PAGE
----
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Confused by Gender Categories?

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By CAROLINE YEZER


Miscommunication is one of the barriers to understanding new aspects of the LGBTQ movement. We have put in a vocabulary of sorts to help those who are unfamiliar understand the diversity of sex and gender. This glossary is from LGBTQIA organizations; some terms are used by social scientists, others to understand human sexuality, and others are created by the movement itself. It is hardly a finite list of every cultural tradition that diverges from mainstream western understanding of sexuality, but it will help get things started!


THE ABCs of LGBTQIA:
Asexual: An umbrella term which exists on a spectrum. Asexual people may have little interest in having sex, even though most desire emotionally intimate relationships.


Cisgender/Cis: Refers to people whose gender identity and expression matches the sex they were assigned at birth. “Cis” is shorthand for cisgender.


Gender: Scientists refer to gender as a social construction: masculinity or femininity as it aligns with designated sex at birth in a specific culture and time period. Gender may or may not correspond to one’s sexual anatomy.


Gender expression: How a person presents their gender on the outside, often through behavior, clothing, hairstyle, voice, or body characteristics.


Gender identity: Social scientists use this term to refer to a person’s internal knowledge of their gender—for example, whether you identify yourself as a man, a woman, or other.


Intersex: People who naturally have biological traits which do not match what is typically identified as male or female. Some intersex people have XXY chromosomes, ambiguous genitalia, or internal sex organs. Being intersex is a naturally occurring variation in humans; it is not pathological.


LGBTQIA: this is a recent expansion of the LGBT acronym to include a larger umbrella of non-heterosexual categories and gender diversity. LGBT stands for Lesbian, Gay, Bisexual, Transgender. Adding to this, LGBTQIA includes Queer and/or Questioning, Intersex, and Asexual.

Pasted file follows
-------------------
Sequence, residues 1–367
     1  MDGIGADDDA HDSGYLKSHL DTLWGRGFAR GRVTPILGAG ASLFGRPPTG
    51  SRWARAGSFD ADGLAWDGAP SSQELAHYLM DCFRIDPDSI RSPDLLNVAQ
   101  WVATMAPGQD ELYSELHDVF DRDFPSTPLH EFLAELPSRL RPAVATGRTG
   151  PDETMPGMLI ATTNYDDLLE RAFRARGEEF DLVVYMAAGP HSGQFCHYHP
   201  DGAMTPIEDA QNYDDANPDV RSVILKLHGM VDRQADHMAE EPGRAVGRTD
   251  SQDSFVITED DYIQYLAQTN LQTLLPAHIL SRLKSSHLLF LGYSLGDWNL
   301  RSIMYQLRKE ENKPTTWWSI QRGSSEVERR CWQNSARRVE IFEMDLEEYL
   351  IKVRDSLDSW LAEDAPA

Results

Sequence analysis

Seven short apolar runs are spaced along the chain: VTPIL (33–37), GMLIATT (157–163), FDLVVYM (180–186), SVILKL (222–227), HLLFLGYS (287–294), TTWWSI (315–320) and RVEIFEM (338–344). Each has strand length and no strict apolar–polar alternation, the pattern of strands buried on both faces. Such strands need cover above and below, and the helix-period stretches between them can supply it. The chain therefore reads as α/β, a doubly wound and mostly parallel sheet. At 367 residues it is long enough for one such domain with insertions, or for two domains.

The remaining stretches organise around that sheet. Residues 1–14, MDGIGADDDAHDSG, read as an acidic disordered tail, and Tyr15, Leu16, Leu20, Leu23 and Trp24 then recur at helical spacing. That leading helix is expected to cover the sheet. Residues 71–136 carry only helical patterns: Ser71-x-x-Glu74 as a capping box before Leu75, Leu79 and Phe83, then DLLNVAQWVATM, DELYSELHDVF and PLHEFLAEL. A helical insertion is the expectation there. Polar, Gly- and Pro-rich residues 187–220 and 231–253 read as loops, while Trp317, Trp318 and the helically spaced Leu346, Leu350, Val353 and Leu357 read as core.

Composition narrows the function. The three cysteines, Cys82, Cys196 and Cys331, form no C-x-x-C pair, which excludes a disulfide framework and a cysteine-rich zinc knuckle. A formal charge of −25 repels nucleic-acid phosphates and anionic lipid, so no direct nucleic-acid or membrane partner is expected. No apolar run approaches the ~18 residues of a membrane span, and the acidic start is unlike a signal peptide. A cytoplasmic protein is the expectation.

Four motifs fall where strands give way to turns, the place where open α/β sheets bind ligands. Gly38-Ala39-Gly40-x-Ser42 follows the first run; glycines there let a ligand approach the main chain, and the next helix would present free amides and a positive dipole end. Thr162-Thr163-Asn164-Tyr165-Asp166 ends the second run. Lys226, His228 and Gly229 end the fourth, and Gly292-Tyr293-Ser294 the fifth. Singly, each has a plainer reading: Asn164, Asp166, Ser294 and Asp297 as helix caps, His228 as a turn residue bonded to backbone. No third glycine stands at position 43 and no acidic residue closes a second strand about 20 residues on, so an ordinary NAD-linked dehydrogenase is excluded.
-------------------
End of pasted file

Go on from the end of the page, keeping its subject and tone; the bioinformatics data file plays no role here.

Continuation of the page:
Nonbinary/genderqueer: Most people, including most transgender people, are either male or female. But some people have a gender that blends elements of being a man or a woman, or a gender that is different than either male or female. Some people don’t identify with any gender. People whose gender is not male or female use many different terms to describe themselves, with non-binary or genderqueer being the most popular terms.


Queer: An umbrella term that can refer to anyone who is not straight and/or not cisgender.


Questioning: This term refers to someone who is not sure how they identify. Someone can be questioning their sexual orientation and/or their gender identity.


Sex: Scientists separate sex and gender. Sex refers to the medical assignment of “male” or “female” based upon the genitalia that an individual possesses at birth.


Sexual Identity/Orientation: A person’s self-description of the romantic, sexual, and/or emotional relationships with others. Examples include but are not limited to: heterosexual, bisexual, homosexual, and asexual (and many more than are covered in this glossary).


Transgender: A broad term used to describe people whose gender identity is different from the gender they were considered to be when they were born. “Trans” is shorthand for transgender. The term transgender encompasses many different gender identities (see below), and transgender people may have different sexual orientations.


Want to know more? See https://transequality.org/, https://www.glaad.org/, https://hrasantafe.org/, https://www.thetrevorproject.org/, https://eqnm.org/

Author

  • Dr. Caroline Yezer is a cultural anthropologist (PhD Duke University 2007) who has taught anthropology curriculum at College of the Holy Cross and Clark University in Massachusetts.

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